Student Loan Debt vs. Vocations

“Sorry guys, I won’t be eating dinner with you next week. I’m doing a live-in at the Marianist Sisters’ house.” One of my best friends I had met during my first year at college was very open with us about her discernment of religious life. In the moments after she made this announcement to the five of us who ate dinner together every night, several thoughts came into mind. Who are the Marianist sisters? Do they wear habits? I wonder if any of them are young. I looked around the table at people’s plates, seeing remnants of dried out chicken fingers, watery spaghetti, greasy french fries. I bet they have good food…

I had never seriously considered religious life before I went to college. I say not seriously because I do remember telling a friend in high school that I could see myself being a nun, but only when I got old and if I never married anyone. It wasn’t a serious notion, at that time anyway.

As a freshman in college, I felt like my entire life was ahead of me, and I spent a great deal of time considering all of life’s possibilities. Maybe religious life was one of them? “Do the sisters have any more room available for the live-in?” I asked. It turned out they did. So my first introduction to religious life was living with the Marianist Sisters for one week, getting a first-hand look at community life. We prayed together, ate meals together, played games, and stayed up late talking about people’s vocation stories. I found out that these sisters don’t wear habits. Some of them are young. And they do have good food. But before I noticed those things, what struck me first and foremost was their faithfulness to the Gospel and to their joyful commitment to community living. These are the reasons why, six years later, I am joining their congregation.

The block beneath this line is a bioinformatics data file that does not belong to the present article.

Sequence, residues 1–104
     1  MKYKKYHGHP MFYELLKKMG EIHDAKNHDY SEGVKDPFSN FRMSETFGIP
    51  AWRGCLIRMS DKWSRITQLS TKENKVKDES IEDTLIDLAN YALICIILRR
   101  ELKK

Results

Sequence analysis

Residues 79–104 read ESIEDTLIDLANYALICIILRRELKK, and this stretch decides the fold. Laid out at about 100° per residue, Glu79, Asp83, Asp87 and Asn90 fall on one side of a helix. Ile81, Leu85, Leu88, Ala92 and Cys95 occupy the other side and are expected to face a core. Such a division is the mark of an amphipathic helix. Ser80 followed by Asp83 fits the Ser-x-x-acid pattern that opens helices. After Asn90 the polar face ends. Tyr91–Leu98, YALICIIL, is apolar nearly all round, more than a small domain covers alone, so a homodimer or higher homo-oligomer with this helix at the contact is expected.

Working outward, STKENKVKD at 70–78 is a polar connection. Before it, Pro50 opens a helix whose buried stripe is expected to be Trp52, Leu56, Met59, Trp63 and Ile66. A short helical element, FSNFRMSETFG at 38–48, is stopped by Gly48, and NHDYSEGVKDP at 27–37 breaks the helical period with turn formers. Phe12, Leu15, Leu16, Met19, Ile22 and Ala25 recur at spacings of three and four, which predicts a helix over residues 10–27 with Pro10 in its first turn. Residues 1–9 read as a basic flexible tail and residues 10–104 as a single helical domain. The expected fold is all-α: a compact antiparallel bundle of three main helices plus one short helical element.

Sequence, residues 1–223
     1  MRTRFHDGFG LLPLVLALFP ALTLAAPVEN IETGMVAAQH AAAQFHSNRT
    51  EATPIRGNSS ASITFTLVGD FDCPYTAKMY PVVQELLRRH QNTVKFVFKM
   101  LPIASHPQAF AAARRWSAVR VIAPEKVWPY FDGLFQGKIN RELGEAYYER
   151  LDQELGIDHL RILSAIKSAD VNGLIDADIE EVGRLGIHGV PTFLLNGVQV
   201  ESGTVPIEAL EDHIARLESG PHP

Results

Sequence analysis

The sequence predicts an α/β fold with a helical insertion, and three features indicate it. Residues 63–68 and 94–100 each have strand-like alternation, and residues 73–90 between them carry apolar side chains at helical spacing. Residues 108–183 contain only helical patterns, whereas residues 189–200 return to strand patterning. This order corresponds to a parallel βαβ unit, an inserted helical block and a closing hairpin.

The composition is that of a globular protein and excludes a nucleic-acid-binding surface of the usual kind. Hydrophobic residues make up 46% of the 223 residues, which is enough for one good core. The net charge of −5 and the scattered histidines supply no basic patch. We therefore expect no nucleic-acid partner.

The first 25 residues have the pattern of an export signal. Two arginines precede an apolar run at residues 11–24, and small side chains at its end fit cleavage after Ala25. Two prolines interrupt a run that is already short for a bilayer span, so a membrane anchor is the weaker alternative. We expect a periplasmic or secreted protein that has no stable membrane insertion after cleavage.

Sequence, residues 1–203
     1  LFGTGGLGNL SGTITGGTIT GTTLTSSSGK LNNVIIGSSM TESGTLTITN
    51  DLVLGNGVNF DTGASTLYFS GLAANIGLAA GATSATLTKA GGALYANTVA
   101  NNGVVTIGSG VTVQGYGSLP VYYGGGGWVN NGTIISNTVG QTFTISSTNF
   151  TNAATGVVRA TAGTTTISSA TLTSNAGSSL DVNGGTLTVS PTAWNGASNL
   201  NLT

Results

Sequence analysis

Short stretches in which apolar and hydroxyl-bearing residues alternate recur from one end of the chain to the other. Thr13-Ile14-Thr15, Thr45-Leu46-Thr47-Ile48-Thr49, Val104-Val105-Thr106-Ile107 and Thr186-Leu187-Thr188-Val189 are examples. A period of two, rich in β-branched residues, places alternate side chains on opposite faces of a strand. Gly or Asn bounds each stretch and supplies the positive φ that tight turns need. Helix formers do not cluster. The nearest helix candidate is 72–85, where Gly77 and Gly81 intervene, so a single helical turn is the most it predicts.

It’s no secret that religious life is undergoing a change. We tend to focus on the negatives of this change, how communities are smaller, and grayer, than they used to be, how many congregations are unable to support their institutions, while novitiates that used to be full now lie empty. This leads some to conclude that religious life is dead, or dying.

That’s what some people see. Now, here’s what I see: I see congregations, now smaller in number, becoming more creative in how they evangelize and maintain their charism by partnering with lay people, sharing with them their charism and mission. I see different congregations collaborating together in vocations ministries, religious formation programs (for example, inter-community novitiates), and apostalates. I see congregations more open to listening to the needs of the world, especially to the young and the poor, and seeing how they might meet those needs. Religious life is not dead. It is being renewed.